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    RAID 5 wouldn't show "partitions." You might be able to slam them back in to the controller and get them to come up in a degraded state. If you do, get them online and start copying the VM's off.
     
  13. Oyeve

    Oyeve Lifer

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    It appears drive 0 was set for raid 1 and drives 1 and 2 raid 5. Running EaseUS show much data on drives 1 and 2 and nothing on drive 0. I didnt mean partitions in the logical sense, I meant partitions as to where I had the exchange database set. When all was working I created a drive Z: for the information store. Drive c: was win2ksvr. Oh well, new 2010 server will be installed tomorrow. Hopefully my new exchange server will be up by monday and then i can worry about retrieving the dead systems VMs.
     
  14. dawks

    dawks Diamond Member

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    This is pretty confusing but one thing is certain, data recovery on harddisks that were in a hardware based raid are extremely difficult to recover any data from. Almost impossible in fact, unless you use the same model raid card that created the array afaik (since each raid controller often has its own method of writing data to a disk).
    Ensure any thing you do these drives is read only. changing even a few bits will likely *** the entire array.
    If you had 3 disks in the raid 5 array, and only 1 was damaged, you'd be ok restoring the data with the same model array controller. If you only had 2 disks in the raid 5 array, and one was damaged, you're screwed.

    As mentioned in the previous thread, you're best bet (based on your scenario) is going to a hosted solution, you could be up and running in 1-3 days. Trying to get a new Exchange server online is going to take several days of configuration and testing just to get something working, which likely wont be exactly what you want and you'll have to start over. Exchange 2010 is a very complex server (to get configured properly), even for those with some exchange experience.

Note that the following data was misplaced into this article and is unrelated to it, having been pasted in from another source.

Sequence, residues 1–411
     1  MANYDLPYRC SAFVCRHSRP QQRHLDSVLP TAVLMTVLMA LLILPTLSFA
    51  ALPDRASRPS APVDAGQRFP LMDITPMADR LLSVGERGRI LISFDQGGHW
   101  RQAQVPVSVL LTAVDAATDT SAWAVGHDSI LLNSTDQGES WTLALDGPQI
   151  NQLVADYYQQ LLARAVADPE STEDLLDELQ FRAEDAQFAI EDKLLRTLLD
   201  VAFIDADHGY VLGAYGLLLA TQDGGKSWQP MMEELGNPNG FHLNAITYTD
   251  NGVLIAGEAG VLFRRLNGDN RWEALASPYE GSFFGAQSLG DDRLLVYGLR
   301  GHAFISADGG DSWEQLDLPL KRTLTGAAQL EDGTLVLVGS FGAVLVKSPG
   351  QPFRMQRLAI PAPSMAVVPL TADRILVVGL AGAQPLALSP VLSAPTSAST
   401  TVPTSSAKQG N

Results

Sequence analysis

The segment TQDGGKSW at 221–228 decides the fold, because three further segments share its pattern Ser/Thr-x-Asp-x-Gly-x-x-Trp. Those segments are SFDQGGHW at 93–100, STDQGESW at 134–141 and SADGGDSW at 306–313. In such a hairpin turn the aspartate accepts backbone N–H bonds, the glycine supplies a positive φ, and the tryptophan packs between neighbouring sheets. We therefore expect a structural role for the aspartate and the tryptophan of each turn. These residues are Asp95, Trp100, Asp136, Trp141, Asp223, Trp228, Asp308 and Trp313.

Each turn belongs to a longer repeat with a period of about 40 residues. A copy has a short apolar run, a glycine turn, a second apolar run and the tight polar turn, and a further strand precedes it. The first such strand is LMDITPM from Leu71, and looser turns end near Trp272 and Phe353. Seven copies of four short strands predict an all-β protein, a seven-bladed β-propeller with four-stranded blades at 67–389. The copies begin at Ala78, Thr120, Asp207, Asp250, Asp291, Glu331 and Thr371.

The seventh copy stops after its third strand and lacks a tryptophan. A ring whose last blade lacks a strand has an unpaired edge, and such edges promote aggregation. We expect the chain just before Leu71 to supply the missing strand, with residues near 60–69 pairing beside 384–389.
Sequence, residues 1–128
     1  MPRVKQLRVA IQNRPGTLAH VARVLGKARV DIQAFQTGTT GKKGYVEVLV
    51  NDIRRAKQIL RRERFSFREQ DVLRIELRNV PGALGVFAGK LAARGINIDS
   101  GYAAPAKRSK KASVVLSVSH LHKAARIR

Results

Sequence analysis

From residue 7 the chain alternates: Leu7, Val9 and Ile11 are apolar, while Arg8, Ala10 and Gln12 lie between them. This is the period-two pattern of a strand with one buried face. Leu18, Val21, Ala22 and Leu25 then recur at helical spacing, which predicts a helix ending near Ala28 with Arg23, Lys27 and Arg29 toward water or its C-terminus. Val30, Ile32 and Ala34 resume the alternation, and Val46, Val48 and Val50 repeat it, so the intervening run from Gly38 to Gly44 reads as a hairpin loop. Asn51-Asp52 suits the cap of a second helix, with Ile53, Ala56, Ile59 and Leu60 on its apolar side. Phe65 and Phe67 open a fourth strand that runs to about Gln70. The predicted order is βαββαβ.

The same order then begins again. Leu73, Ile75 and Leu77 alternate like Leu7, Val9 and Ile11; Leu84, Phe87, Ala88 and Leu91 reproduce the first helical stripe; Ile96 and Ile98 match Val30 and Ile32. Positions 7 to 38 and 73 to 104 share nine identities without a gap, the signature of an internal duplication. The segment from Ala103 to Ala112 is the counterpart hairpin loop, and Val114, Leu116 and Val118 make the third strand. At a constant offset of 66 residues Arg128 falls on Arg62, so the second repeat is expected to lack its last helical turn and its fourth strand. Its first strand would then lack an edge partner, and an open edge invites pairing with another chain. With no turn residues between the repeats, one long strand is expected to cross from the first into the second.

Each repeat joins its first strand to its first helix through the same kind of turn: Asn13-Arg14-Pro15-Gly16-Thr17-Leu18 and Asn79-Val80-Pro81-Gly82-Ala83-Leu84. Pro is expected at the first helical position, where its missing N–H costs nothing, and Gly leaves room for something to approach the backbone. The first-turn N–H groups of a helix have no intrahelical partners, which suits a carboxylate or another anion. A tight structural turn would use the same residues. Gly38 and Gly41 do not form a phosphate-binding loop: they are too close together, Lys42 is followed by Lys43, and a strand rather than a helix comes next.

At the least you could go to hosted exchange for a few months while you play with, learn, and configure your exchange server in the background. With Microsoft Office 365, you can actually run both their cloud hosting, and an on-site exchange server, having some accounts locally, and some in the cloud.

    You can also use a service like mailroute, which, in a case like this, would actually hold your email until you have a server back online, at which point it would release all your messages to the server.

    If just the harddrives are having difficulty, you might be able to restore their functionality with spinrite. The program works on individual drive sectors and doesnt give a shit about the type of the actual data (ie file systems, formats, raids).
     
  15. cmetz

    cmetz Platinum Member

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    Oyeve, just to be clear, you have THREE total drives, and TWO of them have failed. (in RAID 5, the array itself does not have such a thing as a "spare" drive because the parity is rolling, but many hardware controllers let you build an array PLUS have a spare drive assigned so that if the controller kicks out a drive it will auto-rebuild onto the spare)

    In this case, you will need professional data recovery, because they're going to need to find a way to resurrect one of those two failed drives, otherwise no data is getting recovered. With RAID 5 and only one drive, it's technically possible to pick out chunks of data by hand, but that's extremely labor intensive and you get what you get.

    dawks,

    >since each raid controller often has its own method of writing data to a disk).

    Not with a modern, quality controller. SNIA DDF FTW.

    >If just the harddrives are having difficulty, you might be able to restore their functionality with spinrite.

    spinrite bad. spinrite *baaaaad*.
     
  16. IndyColtsFan

    IndyColtsFan Lifer

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    I understand that, but he specifically said one drive and the hotspare was dead, implying he had four drives, three of which were participating in the array (just checked again and he said 3 drives in RAID5 and called a drive a hot spare, which implies a fourth drive). One dead drive and the hot spare failing to come online does NOT bring the array down as he would still have two good drives of a three drive set.

    This guy sees the same thing I saw in Oyeve's message. I think Oyeve was just using improper terminology. The array had three total drives and yes, 2 of them going down would destroy the array.
     
    #15 IndyColtsFan, Nov 30, 2012
    Last edited: Nov 30, 2012